Seeing friendships between adult women is thrilling. It’s also a heartbreaking reminder that this is a dynamic that isn’t shown on-screen nearly enough. For those who have their found family to support them this holiday season, this movie is a celebration of people who come together to care for one another, regardless of blood relation.
‘Home for the Holidays’ (1995)
Thanksgiving can represent a time of revelations coming out, when big families gather together. So it is in Home for the Holidays. Holly Hunter and Robert Downey Jr. star in this seasonal comedy about a dysfunctional family compelled to spend time together at the start of the holiday season.
Home for the Holidays is nothing if not relatable. The shenanigans get progressively more zany, and the characters get more relatable as we see them reveal the depths of their dysfunction. This is the distillation of everything that makes Thanksgiving stressful and joyful in equal measure. So many have had to navigate the holidays under similar circumstances.
‘You’ve Got Mail’ (1998)
Tom Hanks and Meg Ryan give career-high performances in You’ve Got Mail. This period piece tells the story of two people falling in love, who couldn’t be from more opposite backgrounds. It’s a classic romance, and very much a 1990s period piece.
Not only does this have perfect seasonal vibes, it tells a story for bookworms everywhere, of a small independent bookstore fighting against a massive chain. This movie is the very embodiment of the comfort and warmth that this time of year is known for. New York in the autumn is a character itself.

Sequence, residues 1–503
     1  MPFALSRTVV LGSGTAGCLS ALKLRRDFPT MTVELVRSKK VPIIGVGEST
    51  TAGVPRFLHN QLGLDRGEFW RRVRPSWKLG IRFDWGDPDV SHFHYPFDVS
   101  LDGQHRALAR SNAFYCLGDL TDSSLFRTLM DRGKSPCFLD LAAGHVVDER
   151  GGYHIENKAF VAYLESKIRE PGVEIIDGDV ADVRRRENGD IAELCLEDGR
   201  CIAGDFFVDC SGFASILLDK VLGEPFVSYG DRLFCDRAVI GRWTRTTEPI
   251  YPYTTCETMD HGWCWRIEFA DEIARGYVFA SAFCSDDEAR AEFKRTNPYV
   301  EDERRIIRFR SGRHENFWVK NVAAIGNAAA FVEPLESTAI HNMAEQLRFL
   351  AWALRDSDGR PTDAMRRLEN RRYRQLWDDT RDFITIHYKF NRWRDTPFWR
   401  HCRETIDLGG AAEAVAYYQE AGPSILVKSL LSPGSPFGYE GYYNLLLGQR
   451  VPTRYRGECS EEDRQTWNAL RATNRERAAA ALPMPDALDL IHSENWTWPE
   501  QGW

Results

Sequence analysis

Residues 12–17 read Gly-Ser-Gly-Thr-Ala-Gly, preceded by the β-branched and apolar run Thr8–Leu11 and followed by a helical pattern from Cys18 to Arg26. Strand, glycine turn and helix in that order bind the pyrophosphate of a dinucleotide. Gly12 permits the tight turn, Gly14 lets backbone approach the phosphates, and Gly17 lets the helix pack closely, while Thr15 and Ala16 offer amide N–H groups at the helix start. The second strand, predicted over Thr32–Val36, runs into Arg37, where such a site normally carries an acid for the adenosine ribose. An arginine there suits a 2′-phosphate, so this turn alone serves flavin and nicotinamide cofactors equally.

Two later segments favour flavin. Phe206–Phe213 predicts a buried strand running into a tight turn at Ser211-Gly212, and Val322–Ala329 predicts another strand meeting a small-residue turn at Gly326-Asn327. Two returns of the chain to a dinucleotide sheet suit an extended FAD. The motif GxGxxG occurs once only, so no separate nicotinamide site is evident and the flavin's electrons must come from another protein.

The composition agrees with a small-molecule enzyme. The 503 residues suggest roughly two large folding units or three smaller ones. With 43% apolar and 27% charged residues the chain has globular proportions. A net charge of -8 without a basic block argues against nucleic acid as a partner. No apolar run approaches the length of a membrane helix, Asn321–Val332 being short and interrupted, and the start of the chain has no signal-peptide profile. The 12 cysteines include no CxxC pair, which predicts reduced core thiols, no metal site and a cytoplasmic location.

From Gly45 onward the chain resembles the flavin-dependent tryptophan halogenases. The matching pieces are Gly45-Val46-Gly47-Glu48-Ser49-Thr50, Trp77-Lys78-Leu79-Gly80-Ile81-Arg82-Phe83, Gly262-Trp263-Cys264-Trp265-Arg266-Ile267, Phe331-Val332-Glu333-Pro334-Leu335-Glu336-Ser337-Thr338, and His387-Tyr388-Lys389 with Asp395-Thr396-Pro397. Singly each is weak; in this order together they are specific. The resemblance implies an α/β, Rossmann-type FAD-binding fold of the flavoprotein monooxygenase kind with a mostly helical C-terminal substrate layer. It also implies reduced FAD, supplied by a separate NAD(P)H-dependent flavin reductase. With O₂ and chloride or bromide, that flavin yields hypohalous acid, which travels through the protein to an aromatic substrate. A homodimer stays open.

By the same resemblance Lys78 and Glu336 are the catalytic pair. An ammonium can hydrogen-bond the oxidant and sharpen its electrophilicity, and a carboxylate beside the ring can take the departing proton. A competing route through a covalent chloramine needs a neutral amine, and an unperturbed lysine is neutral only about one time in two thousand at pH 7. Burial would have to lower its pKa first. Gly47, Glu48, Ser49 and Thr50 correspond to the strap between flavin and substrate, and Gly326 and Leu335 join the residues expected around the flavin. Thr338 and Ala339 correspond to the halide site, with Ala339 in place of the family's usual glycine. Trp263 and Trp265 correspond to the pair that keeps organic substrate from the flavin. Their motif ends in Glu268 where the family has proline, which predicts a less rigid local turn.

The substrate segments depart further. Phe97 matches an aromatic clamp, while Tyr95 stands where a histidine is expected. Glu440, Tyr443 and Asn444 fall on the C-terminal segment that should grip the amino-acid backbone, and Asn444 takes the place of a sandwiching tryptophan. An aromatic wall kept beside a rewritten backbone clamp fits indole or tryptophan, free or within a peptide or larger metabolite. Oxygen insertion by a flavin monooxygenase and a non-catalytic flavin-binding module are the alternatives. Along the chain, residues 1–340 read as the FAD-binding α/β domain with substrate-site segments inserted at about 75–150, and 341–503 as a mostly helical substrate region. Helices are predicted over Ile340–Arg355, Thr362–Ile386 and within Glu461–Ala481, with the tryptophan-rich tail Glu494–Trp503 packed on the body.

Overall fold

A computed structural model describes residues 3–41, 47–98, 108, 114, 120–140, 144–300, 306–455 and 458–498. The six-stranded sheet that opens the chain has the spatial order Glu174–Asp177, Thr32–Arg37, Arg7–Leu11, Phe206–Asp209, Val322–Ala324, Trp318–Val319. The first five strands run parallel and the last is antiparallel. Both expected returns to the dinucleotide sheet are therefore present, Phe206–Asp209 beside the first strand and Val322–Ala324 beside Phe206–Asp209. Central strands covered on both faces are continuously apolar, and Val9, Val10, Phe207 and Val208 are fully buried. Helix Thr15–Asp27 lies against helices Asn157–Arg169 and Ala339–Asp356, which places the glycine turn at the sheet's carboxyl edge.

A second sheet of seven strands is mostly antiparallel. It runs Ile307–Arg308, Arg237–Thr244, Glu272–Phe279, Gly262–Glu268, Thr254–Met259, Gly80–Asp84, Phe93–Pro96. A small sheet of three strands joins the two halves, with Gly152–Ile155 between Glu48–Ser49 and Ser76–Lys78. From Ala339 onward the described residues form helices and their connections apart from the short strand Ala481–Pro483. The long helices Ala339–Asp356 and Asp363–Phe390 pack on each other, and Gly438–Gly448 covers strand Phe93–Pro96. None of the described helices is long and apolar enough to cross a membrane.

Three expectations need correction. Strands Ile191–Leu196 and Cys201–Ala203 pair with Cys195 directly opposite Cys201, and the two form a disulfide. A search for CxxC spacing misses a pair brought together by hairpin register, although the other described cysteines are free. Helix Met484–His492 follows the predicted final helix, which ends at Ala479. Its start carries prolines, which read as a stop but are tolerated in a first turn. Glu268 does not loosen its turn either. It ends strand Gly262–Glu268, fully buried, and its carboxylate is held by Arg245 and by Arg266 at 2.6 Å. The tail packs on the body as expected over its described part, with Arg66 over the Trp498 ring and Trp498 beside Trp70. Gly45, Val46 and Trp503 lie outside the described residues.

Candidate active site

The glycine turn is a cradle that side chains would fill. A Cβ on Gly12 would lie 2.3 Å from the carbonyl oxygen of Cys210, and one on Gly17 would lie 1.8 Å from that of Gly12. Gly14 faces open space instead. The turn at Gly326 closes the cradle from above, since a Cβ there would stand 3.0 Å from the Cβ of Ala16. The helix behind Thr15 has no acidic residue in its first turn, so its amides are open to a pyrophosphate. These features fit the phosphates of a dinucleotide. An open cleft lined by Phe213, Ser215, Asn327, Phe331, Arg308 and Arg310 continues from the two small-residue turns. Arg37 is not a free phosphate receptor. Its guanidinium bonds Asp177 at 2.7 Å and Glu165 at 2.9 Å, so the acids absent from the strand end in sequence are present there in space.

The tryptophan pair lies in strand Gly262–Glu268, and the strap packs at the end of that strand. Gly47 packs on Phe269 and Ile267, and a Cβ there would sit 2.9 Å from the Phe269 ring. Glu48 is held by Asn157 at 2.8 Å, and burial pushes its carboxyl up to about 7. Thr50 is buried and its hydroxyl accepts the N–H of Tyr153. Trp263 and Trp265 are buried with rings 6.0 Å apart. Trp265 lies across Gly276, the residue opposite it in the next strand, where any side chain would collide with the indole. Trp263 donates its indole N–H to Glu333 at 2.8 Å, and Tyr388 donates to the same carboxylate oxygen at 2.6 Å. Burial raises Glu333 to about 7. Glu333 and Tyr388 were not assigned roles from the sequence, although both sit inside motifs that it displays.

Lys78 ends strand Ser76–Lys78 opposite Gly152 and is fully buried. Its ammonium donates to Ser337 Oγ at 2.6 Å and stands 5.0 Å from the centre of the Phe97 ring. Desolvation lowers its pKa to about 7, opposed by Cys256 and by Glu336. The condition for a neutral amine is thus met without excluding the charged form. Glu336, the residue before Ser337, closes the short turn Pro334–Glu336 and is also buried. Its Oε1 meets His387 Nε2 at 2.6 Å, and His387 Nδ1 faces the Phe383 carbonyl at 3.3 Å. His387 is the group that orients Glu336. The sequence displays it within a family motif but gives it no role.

Rudy is a classic underdog story, chronicling Sean Astin‘s Rudy, and his dreams of playing football for Notre Dame University. He’s just such an incredibly lovable protagonist, it’s impossible not to cheer him on every step of the way. His setbacks and triumphs are relatable ones.
For those who don’t enjoy watching football itself, perhaps a movie about a character one can follow is a better option. Football is always a Hallmark of American Thanksgiving celebrations. Why not add in Rudy, one of the most beloved football movies of all time, to the festivities?
‘Remember the Titans’ (2000)
Continuing with the football theme, Remember the Titans is another football movie that can be substituted for watching the actual game. Denzel Washington is at the height of his powers as Herman Boone. His mission is to bring a recently integrated high school together is an enthralling journey to watch from beginning to end.